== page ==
Grooming techniques used in various frauds are getting more common and more elaborate. Fraudsters are coming up with narratives that involve complicated lies and may have different stages, depending on the type of fraud.
Often, different actors are brought into the story. These actors also lie to the victim, in order to support the narrative. The purpose of expanding the fraud in this way is to groom the victim to dismiss their doubts or concerns and comply with requests. These lies are spread over months of intense contact with the victim, making them easier to believe. But their higher purpose is to groom the victim into accepting grander lies and more ludicrous narratives down the line, which ultimately leads to loss of funds.
In this article, I will focus on Sam, a victim of financial fraud, to illustrate how fraudsters utilize lies and deception, in order to groom the victim to comply.
Sam was contacted by fraudsters pretending to be agents from the Financial Conduct Authority. She was told by them, that there have been cases of inside fraud involving several members of staff, and her account was affected. They told her that they are investigating this and asked her to help the investigation, for which she was going to receive a payment. They appealed to her sense of duty by telling her she would be helping other people whose accounts were affected also.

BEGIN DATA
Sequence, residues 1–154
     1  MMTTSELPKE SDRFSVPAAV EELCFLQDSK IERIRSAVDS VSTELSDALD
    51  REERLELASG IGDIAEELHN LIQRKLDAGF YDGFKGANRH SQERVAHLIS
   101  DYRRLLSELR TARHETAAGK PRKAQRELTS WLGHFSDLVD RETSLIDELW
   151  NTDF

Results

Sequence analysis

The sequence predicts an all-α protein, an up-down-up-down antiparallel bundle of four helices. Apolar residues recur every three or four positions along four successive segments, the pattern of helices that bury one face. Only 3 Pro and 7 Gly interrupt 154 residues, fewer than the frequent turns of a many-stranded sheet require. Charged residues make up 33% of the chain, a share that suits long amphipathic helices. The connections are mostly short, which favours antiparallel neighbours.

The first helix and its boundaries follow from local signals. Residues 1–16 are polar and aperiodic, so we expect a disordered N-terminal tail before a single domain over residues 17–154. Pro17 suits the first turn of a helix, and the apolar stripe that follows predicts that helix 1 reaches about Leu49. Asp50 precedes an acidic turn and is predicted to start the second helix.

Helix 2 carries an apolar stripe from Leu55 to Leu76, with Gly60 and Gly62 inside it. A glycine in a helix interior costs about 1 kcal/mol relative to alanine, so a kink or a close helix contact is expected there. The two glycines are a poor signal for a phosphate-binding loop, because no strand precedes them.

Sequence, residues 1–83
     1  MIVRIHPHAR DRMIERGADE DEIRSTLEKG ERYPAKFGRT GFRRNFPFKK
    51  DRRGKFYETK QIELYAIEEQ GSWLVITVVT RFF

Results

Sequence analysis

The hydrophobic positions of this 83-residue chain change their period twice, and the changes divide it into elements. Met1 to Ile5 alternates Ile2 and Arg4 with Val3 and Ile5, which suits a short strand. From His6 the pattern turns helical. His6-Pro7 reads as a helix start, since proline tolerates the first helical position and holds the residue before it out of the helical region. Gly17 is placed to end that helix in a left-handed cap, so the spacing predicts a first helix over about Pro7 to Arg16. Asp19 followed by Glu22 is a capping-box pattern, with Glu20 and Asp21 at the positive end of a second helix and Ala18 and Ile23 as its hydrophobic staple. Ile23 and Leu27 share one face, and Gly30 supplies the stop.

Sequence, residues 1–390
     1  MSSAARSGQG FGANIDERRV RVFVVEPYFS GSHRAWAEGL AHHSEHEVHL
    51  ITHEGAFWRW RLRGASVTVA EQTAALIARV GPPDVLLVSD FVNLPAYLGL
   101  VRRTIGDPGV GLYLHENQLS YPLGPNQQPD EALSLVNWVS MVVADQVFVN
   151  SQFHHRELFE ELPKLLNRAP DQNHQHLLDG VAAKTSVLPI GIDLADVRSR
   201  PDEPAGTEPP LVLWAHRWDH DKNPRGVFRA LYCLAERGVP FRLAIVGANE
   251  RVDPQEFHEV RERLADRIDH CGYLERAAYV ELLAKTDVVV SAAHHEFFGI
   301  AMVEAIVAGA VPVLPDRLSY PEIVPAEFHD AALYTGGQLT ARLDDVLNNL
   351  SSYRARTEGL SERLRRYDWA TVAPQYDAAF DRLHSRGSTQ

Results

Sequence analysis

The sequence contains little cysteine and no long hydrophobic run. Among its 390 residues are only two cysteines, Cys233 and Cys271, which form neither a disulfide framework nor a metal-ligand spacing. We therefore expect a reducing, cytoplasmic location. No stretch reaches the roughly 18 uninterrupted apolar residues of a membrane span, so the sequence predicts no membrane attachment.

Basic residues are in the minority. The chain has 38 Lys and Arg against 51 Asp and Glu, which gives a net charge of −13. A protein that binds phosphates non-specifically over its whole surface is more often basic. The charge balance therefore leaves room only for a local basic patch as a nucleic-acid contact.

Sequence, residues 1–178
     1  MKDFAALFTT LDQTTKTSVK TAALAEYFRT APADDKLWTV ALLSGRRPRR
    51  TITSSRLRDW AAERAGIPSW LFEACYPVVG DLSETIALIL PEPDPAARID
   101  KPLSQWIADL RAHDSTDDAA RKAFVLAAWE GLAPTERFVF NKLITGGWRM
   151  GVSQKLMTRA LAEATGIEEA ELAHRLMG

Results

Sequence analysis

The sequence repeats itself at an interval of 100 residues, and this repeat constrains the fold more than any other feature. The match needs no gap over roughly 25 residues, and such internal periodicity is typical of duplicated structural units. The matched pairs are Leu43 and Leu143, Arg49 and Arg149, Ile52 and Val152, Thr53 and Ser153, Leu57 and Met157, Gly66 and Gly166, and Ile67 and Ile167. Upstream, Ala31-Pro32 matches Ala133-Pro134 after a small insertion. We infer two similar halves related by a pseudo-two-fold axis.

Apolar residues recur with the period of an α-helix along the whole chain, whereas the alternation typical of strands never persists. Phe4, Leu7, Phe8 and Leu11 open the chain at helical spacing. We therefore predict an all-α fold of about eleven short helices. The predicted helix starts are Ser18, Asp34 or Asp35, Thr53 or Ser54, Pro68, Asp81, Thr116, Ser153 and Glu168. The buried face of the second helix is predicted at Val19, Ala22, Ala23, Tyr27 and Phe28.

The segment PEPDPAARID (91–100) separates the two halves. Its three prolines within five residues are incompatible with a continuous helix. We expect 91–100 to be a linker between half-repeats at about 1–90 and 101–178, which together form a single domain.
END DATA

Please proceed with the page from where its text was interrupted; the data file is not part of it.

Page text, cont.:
Sam spoke to two people, Chris and Brian, quite regularly, although she spoke to Brian more often. Both would ring her regularly and frequently to let her know how the investigation was progressing. In these conversations, Sam was repeatedly told not to tell anyone about this communication, because it may jeopardize the investigation, since they were not sure which bank staff members were involved and whom they are connected to.
Then, one day, Sam was told that the money in her savings account was at risk. A high-ranking bank official was arranging the transfer from her savings account to a Dubai based bank account. Her bank account held a large sum of money after the sale of the property. The perpetrators produced evidence of the transaction, which was going to be completed in two days, and told her that they can delay this transaction for a bit.